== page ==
Complete by 1910, the Herndon Home would never house the woman who designed it, Adrienne Herndon. One-half of an Atlanta power couple, she died just before construction was done on the opulent home she was to share with her husband, Alonzo Herndon.
He was a man born into slavery who made himself into a magnate, first in the barbering business, later in insurance. She was an actress and a professor at Atlanta University.
The home has a great neoclassical revival style, said Derek Anderson, the historian. And it's notable for having been designed by Adrienne. "Women didn't often get the credit back then for that sort of thing," he said.
The grand home is now open as a museum that showcases the taste of the Herndons and their time.
Planning a visit? It's on the same block as Gaines Hall and Fountain Hall is one block south.
Finished in 1912 and 1913 respectively, the Odd Fellows Building and Auditorium rose at a time when Jim Crow was at full strength in the South, legalizing the distant second-class status of black Americans relative to whites. The buildings and their histories evidence some African-American coping strategies in a hostile world: self-help, entrepreneurship, accumulating wealth, spending wealth at black-owned businesses and even elevating skilled labor to a literal work of art.
"Through Jim Crow, it was a space for blacks to go to the theater, they didn't have to sit in a segregated place," said Nedra Deadwyler of Civil Bikes. "There were businesses; entrepreneurs could have storefronts, offices, from banks to the pharmacy, an optometrist, a haberdashery. It was a center of entrepreneurship, a commercial and social space."
The Odd Fellows, one of several fraternal organizations with Auburn Avenue offices, raised the money for the buildings and used the proceeds for the Odd Fellows Endowment Fund. That fund paid benefits to seriously ill members and death benefits to their widows, according to the city's application to the National Register of Historic Places. Spearheading the work on the Odd Fellows Building was one of its leaders, Benjamin Jefferson Davis Sr., editor of the Atlanta Independent newspaper. (Check out scans of the paper from September and October 1913 for its auditorium opening coverage.)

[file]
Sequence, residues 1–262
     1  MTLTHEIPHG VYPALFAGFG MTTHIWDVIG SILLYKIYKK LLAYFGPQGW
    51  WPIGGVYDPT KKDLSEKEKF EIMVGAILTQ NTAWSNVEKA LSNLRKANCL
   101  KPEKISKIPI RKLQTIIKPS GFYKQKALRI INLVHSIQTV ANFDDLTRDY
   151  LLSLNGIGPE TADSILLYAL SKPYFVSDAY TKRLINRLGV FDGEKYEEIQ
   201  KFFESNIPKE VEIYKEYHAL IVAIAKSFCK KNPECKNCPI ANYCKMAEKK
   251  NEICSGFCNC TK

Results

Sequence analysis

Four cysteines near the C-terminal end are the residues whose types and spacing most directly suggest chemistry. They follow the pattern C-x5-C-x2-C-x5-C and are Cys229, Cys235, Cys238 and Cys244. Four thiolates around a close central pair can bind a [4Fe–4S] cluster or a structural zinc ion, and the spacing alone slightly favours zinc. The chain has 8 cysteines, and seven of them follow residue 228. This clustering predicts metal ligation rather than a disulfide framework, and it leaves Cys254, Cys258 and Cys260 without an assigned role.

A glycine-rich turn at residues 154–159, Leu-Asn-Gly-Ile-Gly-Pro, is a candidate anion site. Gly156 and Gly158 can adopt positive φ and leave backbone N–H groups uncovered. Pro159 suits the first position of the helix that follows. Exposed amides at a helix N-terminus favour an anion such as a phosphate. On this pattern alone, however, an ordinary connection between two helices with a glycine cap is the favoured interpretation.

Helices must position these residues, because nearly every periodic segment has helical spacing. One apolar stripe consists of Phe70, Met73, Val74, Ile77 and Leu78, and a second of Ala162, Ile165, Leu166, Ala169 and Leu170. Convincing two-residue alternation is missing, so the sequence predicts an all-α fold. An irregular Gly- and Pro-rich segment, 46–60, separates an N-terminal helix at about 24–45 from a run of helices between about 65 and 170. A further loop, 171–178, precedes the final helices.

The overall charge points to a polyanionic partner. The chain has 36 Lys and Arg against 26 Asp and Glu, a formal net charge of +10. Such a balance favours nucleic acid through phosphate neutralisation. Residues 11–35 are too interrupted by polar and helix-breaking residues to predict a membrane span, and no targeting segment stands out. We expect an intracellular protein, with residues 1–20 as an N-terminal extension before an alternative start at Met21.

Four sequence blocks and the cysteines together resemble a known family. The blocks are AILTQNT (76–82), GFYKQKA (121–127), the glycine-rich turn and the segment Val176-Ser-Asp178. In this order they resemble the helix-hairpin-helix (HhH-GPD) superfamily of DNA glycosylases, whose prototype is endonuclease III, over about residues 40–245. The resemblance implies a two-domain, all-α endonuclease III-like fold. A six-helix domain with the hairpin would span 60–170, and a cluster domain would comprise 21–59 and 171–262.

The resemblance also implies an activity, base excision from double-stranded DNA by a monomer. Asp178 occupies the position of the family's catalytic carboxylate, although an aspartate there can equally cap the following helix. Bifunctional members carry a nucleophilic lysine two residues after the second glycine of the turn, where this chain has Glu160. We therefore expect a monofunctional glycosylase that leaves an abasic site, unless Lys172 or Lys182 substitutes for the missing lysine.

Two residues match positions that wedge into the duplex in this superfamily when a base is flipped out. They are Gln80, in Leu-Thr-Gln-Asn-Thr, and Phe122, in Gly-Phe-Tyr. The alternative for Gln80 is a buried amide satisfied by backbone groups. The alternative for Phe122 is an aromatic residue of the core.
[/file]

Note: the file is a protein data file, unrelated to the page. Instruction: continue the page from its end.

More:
Deadwyler pointed out that sculptures outside Odd Fellows show people who have recognizably African features.
"Their hands are at work ... they're holding mallets and hammers. It really goes to speak to the ethos of the builders, the Order of the Odd Fellows," she said.
Completed in 1914, the Healey Building carries the name of a family of early Atlanta developers. William Healey ran the company when it was built.
It was a skyscraper by the standards of the day. And had World War I not started, it might have been two skyscrapers: original plans called for twin towers.
Mark McDonald, from the Georgia Trust, said it's one of his favorites.
"It's got a Gothic Revival interior in the atrium. It's quite a 'big city' building and it really shows how prominent Atlanta was in the late 19th and early 20th century, the sophistication architects brought to the city," he said.
It's a private building today, but there is a coffee shop on the ground floor that has some seats looking into the lobby.
The Capitol View Masonic Lodge was completed in 1922, with space for retail on the first floor, and an auditorium, offices and ritual space on upper floors, according to a neighborhood application to join the National Register of Historic Places. (Available as a very large PDF.)
Scott Morris, the historian, said that he thinks it is the kind of thing that gives "mixed-use building" a good name, not the image often conjured up of an overwhelming huge new development.
"It's this truly mixed-use building that was designed to serve a neighborhood. I think it's a great-looking building and just kind of a cool reflection of that first half of the 20th century, a big, neighborhood kind of mixed-use building," he said.
What opened in 2014 as Ponce City Market debuted as a Sears, Roebuck and Co. store and warehouse in 1926. In between, parts of it housed a branch of city hall, a trade show space, a gym and other tenants.
Today, light shines through its massive windows into residences, shops and a food hall adorned with old machinery, a nod to the masses of merchandise that used to move through its levels.